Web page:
Removing 'restrictions' or 'imperfections' at both the international and the micro economic level would produce better inflation-unemployment outcomes. The macro economic pursuit of Full Employment would be defeated by micro economic reality the short-run Phillips curve would shift out in an adverse direction. The Chicago view was that Free Trade was required to permanently shift the Phillips curve downwards Shultz and Aliber , , Thus policy activism at a microeconomic and international level would produce better outcomes than macroeconomic discretion.
The Chicago choice lay between a permanent shift of the Phillips curve a in a beneficial direction through Free Trade and microeconomic reform or b in an adverse direction following the macroeconomic pursuit of Full Employment through the operation of the forces expressed by neoclassical price theory. In contrast, Friedman's Keynesian opponents hoped that restricting prices and wages would allow macro economic policy to produce better inflation-unemployment outcomes by interfering with the allocative mechanism of neoclassical price theory.
Ellis , specifically discussed the constraint imposed by the IMF commitment to "exchange rate revisions only at infrequent intervals" and asked: "What is going to give? Does not full employment achieved under a system of rigid prices almost inevitably imply For Friedman any short run benefits from this Faustian "bargain" were countered by the long run threat it posed to Free Trade the reforming imperative with the longest lineage.
He sought to undermine two of the three pillars of the post-war order, in part, because they had combined to subvert the third. Those who argued for fixed exchange rates were guilty of the same perverted logic as the military strategists whose televised exploits in Vietnam were traumatising the world: "It was necessary to destroy the city to save it" Friedman b, An extraordinarily successful campaign was conducted to convert economists, bureaucrats, Prime Ministers and Presidents.
In , Presidential Candidate Kennedy declared his unalterable commitment to defend the dollar and his opposition to monetary policy as the "sole means" of controlling inflation Roosa a, Two "sacred" symbols Full Employment and the Bretton Woods system were jettisoned and replaced by another "sacred" symbol: monetary targeting Parkin As Nixon , , reflected, Friedman's "magic" solution of floating exchange rates "offered an appealing escape".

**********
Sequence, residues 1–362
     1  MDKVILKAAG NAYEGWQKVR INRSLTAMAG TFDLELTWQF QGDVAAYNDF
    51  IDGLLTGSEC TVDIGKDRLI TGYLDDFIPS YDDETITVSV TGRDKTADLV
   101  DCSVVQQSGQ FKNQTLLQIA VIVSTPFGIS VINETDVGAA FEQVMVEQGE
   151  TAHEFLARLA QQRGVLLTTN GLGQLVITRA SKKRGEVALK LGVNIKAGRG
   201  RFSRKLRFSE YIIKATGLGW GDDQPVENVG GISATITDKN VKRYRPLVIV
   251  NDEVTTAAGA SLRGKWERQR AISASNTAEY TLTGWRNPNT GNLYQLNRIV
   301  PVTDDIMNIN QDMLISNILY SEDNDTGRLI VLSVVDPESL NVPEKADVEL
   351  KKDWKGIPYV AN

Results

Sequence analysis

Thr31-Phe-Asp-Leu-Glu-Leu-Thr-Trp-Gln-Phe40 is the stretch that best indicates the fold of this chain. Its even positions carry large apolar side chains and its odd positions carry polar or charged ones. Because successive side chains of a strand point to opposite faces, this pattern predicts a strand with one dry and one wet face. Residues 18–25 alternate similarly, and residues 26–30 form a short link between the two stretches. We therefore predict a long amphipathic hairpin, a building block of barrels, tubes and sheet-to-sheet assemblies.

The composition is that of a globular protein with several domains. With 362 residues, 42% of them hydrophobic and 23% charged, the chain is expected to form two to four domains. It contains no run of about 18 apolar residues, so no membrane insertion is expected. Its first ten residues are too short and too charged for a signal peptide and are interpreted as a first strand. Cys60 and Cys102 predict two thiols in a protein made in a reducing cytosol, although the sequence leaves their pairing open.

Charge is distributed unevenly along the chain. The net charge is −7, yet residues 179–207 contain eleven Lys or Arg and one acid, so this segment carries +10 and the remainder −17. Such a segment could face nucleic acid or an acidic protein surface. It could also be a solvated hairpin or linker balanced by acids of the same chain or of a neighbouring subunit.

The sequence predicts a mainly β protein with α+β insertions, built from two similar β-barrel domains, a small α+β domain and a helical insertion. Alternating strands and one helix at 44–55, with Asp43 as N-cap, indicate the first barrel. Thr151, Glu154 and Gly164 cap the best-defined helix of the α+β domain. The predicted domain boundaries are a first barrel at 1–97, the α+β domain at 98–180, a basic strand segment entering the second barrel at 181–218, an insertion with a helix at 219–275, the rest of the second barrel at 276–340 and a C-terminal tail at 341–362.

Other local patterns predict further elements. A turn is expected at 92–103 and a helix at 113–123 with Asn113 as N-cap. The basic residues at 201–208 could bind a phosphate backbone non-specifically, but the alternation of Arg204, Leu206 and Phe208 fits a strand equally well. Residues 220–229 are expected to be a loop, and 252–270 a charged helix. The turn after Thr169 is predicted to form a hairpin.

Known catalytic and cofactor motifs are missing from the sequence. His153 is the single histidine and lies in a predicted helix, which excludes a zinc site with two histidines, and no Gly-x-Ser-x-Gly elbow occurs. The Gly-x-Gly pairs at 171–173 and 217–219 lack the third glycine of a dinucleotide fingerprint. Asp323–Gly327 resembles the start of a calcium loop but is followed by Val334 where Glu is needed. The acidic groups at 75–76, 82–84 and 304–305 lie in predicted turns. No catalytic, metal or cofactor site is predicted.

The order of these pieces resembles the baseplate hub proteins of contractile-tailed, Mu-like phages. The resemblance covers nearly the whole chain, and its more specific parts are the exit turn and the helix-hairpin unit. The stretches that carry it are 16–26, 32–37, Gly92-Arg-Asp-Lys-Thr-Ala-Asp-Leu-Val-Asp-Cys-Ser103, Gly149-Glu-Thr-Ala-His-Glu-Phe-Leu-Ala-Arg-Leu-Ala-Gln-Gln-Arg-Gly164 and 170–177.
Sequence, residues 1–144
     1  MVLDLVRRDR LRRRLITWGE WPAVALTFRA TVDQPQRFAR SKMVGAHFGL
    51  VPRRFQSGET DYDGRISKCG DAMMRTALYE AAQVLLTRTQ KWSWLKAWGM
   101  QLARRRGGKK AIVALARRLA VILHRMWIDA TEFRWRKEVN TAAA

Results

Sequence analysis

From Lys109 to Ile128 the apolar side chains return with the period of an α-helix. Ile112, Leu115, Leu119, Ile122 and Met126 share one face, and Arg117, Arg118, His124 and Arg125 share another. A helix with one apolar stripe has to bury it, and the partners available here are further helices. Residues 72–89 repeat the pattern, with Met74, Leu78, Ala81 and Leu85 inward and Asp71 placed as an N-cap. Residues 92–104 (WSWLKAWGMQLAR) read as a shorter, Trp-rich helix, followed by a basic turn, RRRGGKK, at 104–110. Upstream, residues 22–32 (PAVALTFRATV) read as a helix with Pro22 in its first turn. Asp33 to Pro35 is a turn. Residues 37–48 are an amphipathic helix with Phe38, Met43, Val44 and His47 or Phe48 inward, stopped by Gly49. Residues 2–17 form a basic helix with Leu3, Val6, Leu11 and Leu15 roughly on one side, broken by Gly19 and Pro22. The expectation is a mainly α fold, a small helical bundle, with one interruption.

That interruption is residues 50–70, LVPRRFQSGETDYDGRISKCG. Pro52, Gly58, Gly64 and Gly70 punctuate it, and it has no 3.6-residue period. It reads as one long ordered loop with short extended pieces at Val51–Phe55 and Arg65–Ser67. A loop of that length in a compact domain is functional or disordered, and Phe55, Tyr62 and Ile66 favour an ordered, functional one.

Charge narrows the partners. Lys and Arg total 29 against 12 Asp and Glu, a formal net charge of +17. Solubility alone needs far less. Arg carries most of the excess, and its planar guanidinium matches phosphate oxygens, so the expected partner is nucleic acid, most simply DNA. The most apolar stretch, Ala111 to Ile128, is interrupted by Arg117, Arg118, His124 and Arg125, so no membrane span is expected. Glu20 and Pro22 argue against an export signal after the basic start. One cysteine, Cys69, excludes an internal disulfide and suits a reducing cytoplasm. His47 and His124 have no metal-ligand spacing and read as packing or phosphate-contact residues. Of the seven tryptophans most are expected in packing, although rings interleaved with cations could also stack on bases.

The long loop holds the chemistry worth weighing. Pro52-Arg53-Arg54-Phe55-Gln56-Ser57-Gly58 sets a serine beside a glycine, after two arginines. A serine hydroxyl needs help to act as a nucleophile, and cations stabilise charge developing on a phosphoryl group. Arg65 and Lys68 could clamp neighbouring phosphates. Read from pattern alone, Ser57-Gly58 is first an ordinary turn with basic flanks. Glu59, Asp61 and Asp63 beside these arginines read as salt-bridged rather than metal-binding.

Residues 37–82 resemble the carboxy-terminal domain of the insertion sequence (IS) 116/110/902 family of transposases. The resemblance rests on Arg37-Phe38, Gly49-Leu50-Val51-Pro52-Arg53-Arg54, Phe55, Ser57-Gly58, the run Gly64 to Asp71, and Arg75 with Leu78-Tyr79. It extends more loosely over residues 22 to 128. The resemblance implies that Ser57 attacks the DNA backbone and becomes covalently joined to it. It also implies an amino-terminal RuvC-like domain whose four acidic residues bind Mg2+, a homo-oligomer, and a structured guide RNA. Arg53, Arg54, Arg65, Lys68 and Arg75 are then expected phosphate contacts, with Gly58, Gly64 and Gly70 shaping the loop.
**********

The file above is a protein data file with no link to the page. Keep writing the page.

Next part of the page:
The "only regret" that Friedman had in leaving his position in the wartime US Treasury was that he played no role in the construction of the Bretton Woods system Friedman and Friedman , Not only might he have been one of the architects of the regime of fixed exchange rates, but had he stayed at the Treasury he might also have attended the first annual IMF meeting in Washington in September Friedman b, ; , 59; , , n2 reflected about what he believed to be the corrosive short sightedness that the Washington atmosphere generates.
He also acknowledged the 'corrupting' influence that "the prevailing Keynesian temper" exerted over his own thinking.
However, in September , he returned to the University of Chicago. Henceforth, he would be one of the leading players in the "intellectual Bretton Woods" that preoccupied economists and policy makers in the s and early s Caves , Friedman dates the beginning of his "active involvement in the political process" to the founding meeting of the Mont Pelerin Society in April He observed that in post-war England "price, wage and exchange controls were extensive and rigid" Friedman and Friedman , Shortly afterwards, the Bretton Woods system faced one of its earliest crises, and Friedman played an important role in persuading one of the founders of the post-war international monetary system to float their exchange rate.
On 17 November , Canada imposed what Donald Gordon , 22 , the Deputy Governor of the Bank of Canada, described as "drastic limitations" on imports so as to preserve the fixed external value of the Canadian dollar. On 17 April , Friedman made the case for floating the Canadian dollar to Gordon, prior to a University of Chicago Round Table radio broadcast the following day.
Friedman formed the distinct impression that Gordon had never properly encountered the argument before Friedman and Friedman , In the broadcast, Gordon emphasised that Canadian policy was driven, in part, by the desire to prevent "the spread of communism". Unfortunately, these responsibilities had generated inflation. Friedman , 22 replied that "direct controls through rationing and price controls" were "bad ways of fighting inflation". Friedman then outlined the policy agenda to which he devoted his professional life: "the most effective and efficient way of solving problems is by using the traditional mechanism of a free price system and the general mechanism of broad credit control, foreign exchange rate change".